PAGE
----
how often do rules mess us up?
talking about the best rules. The easiest to remember rules. The
rules we almost take for granted.
often do rules mess us up?
out of the gate, i before e, is weird. Iím not saying that to
be funny. Weird. The word, weird, doesnít follow the i before
rule continues. Except after c. But then thereís glacier. And,
could go on, but as the saying goes, even Einstein gets it wrong.
think the problem is that in most cases, youíll find that these
rules were invented to create an easy way of teaching something.
A way to remember it. A way to show others how to apply it. And
when you go one step further, the biggest issue tends to be that
when people donít understand the rule, it creates all sorts of
issues when attempts are made to bend and break it.
of us understand red lights. Red means stop. Green means go. (Yellow
means floor it or risk being held up for a minute or more.) But
how does it hold up as a rule?
on how we apply definitions and interpretations, not well. Stop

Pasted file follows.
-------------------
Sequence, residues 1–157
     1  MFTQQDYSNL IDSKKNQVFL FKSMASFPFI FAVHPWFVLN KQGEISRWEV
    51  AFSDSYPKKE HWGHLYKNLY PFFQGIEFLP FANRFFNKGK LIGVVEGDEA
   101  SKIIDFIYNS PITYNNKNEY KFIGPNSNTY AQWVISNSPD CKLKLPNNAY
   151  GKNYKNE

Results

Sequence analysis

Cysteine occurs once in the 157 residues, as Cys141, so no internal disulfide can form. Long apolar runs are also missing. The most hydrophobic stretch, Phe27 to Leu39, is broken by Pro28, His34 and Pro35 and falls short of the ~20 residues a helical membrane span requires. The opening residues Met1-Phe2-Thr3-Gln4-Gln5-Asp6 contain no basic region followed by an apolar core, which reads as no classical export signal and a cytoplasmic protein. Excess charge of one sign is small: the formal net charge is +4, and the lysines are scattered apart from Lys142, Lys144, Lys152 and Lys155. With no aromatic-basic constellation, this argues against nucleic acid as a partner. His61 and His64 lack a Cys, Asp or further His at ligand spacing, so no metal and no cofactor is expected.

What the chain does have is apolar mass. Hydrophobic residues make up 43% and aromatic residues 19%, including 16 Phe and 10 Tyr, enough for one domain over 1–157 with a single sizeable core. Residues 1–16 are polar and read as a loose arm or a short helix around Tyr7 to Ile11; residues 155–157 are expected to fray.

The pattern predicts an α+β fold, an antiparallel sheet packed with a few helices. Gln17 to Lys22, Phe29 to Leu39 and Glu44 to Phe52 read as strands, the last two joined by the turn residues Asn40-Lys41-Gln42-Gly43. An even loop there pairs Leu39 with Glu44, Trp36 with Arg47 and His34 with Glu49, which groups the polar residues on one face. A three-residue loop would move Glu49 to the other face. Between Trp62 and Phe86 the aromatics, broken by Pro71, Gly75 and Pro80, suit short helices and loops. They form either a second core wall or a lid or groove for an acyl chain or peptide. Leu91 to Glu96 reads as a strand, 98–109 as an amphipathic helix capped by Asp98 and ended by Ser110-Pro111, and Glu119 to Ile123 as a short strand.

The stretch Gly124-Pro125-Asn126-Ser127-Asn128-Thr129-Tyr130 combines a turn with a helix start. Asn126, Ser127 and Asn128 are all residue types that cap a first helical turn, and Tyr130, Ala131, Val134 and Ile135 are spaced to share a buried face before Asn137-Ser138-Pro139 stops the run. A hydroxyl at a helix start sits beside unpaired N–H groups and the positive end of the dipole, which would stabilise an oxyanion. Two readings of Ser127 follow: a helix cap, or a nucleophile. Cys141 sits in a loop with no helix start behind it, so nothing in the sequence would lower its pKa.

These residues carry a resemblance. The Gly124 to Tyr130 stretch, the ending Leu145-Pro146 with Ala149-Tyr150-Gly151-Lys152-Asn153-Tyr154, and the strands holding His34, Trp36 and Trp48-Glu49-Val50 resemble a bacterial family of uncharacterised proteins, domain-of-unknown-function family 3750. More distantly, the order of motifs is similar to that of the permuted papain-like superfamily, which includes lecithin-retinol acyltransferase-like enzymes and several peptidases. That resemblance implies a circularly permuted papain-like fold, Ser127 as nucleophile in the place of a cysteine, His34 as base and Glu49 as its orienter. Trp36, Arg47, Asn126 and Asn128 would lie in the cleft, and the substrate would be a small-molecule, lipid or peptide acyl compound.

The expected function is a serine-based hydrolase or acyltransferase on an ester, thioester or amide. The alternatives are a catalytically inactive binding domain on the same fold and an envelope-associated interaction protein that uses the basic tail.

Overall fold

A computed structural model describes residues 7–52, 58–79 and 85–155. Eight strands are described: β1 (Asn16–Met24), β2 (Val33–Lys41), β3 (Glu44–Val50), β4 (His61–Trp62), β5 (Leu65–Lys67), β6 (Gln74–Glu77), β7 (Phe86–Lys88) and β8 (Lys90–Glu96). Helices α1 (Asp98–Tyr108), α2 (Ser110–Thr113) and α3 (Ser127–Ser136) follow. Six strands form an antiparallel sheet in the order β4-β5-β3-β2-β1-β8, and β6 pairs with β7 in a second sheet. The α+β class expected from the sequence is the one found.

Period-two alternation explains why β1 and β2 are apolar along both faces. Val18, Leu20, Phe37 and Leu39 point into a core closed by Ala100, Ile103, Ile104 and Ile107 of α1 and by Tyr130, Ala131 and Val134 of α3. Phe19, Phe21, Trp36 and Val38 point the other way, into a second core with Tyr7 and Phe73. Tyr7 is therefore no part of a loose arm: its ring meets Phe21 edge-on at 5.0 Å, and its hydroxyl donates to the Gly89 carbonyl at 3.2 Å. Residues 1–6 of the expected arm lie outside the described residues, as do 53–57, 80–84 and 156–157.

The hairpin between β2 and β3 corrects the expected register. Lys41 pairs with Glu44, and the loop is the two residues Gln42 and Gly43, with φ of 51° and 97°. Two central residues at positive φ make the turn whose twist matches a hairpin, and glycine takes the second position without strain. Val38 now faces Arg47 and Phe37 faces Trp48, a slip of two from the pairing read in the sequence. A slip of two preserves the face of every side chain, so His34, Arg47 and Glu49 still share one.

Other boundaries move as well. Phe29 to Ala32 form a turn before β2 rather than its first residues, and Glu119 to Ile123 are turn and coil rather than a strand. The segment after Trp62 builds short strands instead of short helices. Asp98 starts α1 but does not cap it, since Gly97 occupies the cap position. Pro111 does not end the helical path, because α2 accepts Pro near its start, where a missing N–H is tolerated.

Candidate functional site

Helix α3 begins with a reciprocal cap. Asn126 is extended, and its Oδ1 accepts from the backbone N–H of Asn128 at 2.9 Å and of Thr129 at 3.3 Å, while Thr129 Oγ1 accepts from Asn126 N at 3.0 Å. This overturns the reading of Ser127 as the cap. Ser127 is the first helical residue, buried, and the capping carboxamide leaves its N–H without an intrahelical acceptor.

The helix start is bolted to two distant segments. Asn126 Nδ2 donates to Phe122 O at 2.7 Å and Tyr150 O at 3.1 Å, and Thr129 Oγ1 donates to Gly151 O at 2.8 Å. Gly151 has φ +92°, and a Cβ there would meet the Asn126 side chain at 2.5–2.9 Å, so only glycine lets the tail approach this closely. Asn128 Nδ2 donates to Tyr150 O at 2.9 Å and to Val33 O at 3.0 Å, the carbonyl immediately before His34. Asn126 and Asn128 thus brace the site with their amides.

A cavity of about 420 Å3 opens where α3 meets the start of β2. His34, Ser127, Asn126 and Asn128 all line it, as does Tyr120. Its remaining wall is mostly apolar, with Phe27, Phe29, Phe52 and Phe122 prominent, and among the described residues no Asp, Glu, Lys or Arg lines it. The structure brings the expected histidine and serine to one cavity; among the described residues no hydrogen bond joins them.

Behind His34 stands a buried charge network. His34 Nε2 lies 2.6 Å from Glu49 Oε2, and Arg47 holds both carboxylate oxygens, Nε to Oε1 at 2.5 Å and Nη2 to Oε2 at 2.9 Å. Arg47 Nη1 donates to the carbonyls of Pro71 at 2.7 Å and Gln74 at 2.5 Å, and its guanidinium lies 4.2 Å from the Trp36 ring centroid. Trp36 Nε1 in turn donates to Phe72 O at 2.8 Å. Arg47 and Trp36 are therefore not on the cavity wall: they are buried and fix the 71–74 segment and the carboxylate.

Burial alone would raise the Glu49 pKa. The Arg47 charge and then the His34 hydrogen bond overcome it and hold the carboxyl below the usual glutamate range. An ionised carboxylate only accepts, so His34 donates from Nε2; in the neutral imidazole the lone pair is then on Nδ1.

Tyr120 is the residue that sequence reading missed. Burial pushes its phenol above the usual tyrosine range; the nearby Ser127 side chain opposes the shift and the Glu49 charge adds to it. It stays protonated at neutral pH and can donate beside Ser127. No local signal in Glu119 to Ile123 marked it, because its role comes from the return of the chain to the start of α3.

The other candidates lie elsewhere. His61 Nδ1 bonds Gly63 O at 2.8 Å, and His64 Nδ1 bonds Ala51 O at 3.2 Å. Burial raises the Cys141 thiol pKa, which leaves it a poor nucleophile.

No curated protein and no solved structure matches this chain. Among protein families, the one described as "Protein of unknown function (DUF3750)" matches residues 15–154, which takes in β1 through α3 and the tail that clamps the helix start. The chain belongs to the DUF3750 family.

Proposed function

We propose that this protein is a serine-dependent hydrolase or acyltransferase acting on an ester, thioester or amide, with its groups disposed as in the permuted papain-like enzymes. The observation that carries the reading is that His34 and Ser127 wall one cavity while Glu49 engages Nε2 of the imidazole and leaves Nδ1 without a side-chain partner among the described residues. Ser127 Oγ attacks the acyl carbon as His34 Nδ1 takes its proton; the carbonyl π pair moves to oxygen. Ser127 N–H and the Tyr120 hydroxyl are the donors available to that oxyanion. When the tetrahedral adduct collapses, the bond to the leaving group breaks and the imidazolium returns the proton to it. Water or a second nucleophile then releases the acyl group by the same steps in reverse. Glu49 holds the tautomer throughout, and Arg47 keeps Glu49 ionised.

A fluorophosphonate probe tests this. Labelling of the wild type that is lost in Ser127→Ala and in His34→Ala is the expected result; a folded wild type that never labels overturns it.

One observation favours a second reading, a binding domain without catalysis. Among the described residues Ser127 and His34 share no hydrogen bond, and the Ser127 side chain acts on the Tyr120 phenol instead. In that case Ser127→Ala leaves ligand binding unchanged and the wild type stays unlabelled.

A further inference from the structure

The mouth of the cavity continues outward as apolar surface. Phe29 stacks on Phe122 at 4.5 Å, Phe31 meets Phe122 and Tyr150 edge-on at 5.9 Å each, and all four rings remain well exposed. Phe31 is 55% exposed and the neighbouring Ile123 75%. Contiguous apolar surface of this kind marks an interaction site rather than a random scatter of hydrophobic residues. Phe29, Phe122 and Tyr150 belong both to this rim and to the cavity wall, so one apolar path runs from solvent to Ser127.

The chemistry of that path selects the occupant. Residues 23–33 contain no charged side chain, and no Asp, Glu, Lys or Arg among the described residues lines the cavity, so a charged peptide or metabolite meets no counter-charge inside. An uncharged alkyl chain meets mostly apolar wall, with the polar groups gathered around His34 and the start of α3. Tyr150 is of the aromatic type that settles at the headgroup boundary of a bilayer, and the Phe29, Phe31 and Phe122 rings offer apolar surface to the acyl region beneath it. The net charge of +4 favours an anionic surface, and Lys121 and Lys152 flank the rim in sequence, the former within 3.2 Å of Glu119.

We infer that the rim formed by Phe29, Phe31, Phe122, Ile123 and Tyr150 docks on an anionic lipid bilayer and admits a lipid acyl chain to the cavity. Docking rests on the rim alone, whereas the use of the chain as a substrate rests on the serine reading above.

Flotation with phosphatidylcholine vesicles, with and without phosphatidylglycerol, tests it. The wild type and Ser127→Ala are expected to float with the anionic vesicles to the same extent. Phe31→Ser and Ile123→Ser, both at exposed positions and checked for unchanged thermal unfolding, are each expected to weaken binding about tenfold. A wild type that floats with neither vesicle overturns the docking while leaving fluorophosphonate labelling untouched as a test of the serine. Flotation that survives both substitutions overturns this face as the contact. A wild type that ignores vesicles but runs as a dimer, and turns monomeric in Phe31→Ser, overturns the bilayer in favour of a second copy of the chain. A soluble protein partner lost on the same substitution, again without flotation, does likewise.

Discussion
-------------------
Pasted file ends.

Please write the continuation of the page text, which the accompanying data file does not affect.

and go is the law. The rule is a way of simplifying the law. (For
instance Ė ďIf itís red, stop.Ē End statement. End debate.) But
red doesnít just mean stop. It also means someone else may be
coming from a different direction, that person has the right of
way, and if you donít stop bad things may be the result.
exceptions, facts, opinions, beliefs, principles, guidelines and
more. We look to them to establish a way of acting, or more specifically,
of problem-solving. If a, then b, move to step 3. And then we
wind up with flow-charts, to allow us to shift when step 2 doesnít
neatly slide into step 3.
scary thing is that often the flow-chart needs to allow for some
real stupidity. Have you ever read some of the warnings about
using hair dryers and chainsaws? The idea that equipment using
fuel has labels saying not to use a lit flame to check the fuel
level implies that someone (or, plural, someones) at least once
intentionally used a match to check and see how much gas was left.
And if you think thatís funnyÖ
friend of mine swears he once received medication for his dog,
from the vet, that had a warning label saying it could cause drowsiness
and not to operate heavy machinery or a vehicle while taking it.
(Try not thinking about that the next time itís late at night
and you see a Labrador driving a lawn mower in the breakdown lane
with someone passed out in the cart itís pulling.)
were made to be broken. Fair enough. But before they are, you
need to understand the reason for the rule, while many times not
forgetting how it may apply to someone else.